My Journey to Black Belt

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Shweta and her teachers

Back when I was 9 years old, I used to be obsessed with the TV show Kickin’ it. Watching the friendships the characters had, how their karate improved more, and the type of moves they did, fascinated me. I remember talking to my mother at the dinner table, telling her about the new kicks I saw the main character do and expressing my eagerness to learn those exact moves. She used to laugh and tell me “First find a good place where you can learn”. And I did.

I came home from school one day, holding a flyer in my hand triumphantly. I went straight over to her, put the flyer on the table and said the three words I was more than ready to say. “I found one”.

A couple days later, we’re in line to sign up for classes. I get handed my karate gi and admire my white belt. Little did I know... this gi and I would become best friends over the next few years.

I used to believe that karate was only flying kicks, using weapons, and strong punches. However, as I learned more, I realized that the physical aspect is just one part of it. I learned that karate also focuses on discipline, which was taught through our student code. Respect, integrity, perseverance, discipline, and pride.

I used to think that these words were just words, but as I moved up ranks, I started to understand the deeper meaning behind them. The pillar that stood out most to me was respect. Before we talked about what each pillar of the student code meant, I used to think respect was just being kind to other people. My parents, my friends, teachers, and everyone else around me. Until one day, we were having a discussion on the student code, and it opened my eyes about what respect really is.

Respect is also treating yourself well, taking care of your belongings, treating everything, even non-living materials with the utmost consideration. Ever since that discussion, I took my new-found knowledge about what these words meant and am trying to apply it to my own life.

Every journey has its ups and downs, and I can definitely say that karate is no exception. While there were many enjoyable and proud moments for me in karate, like singing Happy Birthday to my friends in the most cringeworthy manner to skipping my yellow belt and earning my yellow with a stripe, there were also some difficult moments. I remember when Sensei Erin announced that the Old Bridge dojo would be closing. While I managed to hold back my tears for the remainder of the class, I was uncontrollably crying on the way back home.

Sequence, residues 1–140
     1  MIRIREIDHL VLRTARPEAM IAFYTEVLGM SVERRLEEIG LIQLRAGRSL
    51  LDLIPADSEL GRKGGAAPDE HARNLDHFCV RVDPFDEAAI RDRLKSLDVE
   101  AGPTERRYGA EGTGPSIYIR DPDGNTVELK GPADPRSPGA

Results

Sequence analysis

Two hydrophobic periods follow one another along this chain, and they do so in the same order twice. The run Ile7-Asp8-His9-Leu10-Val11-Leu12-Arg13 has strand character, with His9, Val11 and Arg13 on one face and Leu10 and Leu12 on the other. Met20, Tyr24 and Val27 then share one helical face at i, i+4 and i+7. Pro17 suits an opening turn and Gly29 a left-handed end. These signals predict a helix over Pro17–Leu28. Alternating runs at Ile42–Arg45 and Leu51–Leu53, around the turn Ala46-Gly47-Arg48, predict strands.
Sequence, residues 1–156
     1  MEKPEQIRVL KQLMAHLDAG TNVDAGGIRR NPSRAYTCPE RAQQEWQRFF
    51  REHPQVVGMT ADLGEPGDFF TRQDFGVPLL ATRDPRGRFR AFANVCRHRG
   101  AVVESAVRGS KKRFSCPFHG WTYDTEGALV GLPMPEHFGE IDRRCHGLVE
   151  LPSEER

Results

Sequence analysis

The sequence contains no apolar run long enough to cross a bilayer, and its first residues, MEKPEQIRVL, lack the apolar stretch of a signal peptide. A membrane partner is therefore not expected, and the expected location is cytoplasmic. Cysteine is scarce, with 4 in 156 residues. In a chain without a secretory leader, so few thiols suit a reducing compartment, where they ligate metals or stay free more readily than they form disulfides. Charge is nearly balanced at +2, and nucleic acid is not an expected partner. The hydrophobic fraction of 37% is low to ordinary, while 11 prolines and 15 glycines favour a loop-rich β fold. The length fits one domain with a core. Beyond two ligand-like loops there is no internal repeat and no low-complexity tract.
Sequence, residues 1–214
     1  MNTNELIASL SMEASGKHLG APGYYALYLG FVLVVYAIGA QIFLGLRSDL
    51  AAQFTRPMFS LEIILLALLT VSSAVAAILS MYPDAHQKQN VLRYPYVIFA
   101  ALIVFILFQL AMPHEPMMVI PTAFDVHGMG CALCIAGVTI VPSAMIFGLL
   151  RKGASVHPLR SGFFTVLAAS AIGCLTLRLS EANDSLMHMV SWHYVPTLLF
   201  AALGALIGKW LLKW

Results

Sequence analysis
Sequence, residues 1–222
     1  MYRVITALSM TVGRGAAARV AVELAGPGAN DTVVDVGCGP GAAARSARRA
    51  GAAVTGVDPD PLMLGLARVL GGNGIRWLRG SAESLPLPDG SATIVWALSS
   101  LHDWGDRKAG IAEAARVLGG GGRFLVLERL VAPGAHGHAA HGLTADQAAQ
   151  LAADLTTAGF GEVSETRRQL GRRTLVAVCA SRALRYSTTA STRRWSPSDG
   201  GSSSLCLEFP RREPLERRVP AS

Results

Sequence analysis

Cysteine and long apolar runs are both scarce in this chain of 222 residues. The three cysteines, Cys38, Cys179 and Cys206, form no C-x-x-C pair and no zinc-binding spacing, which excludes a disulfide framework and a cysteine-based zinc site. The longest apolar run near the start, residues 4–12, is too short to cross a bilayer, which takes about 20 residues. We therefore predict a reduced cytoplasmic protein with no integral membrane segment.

But I found a way to continue my karate journey. I was so determined to continue my education that I convinced my parents to drive the extra twenty minutes to the Woodbridge dojo. All was well in my world as I was making new friends, stepping up as a soon-to-be sempai, and was preparing for my brown belt, when the COVID-19 pandemic changed the world as we once knew it. During this outbreak, I was going through a very tough time.

I was unmotivated and my mental health was in a downward spiral. The re-opening of the dojo was like a light at the end of the tunnel. When karate lessons started again, I realized that going back to class would help me with how I was feeling. Surely enough, being able to see my friends again and resuming my learning enabled me to gain some motivation as well as rekindle my passion for karate.

As I stand here today on the cusp of another milestone, I feel proud to have been trained under such amazing teachers such as Sensei Erin, Sensei Paul, Sensei Arthur, and Sensei Chris. I’m also thankful for the comradery and friendship of my classmates who always support me. Finally, I thank my parents for believing in me and having my back through all the ups and downs of this incredible journey. I feel like my karate family has helped me become the person I am today, and that includes making me feel empowered when I step through those doors or teaching me so many useful life or karate lessons.

Respect is also treating yourself well, taking care of your belongings, treating everything, even non-living materials with the utmost consideration.
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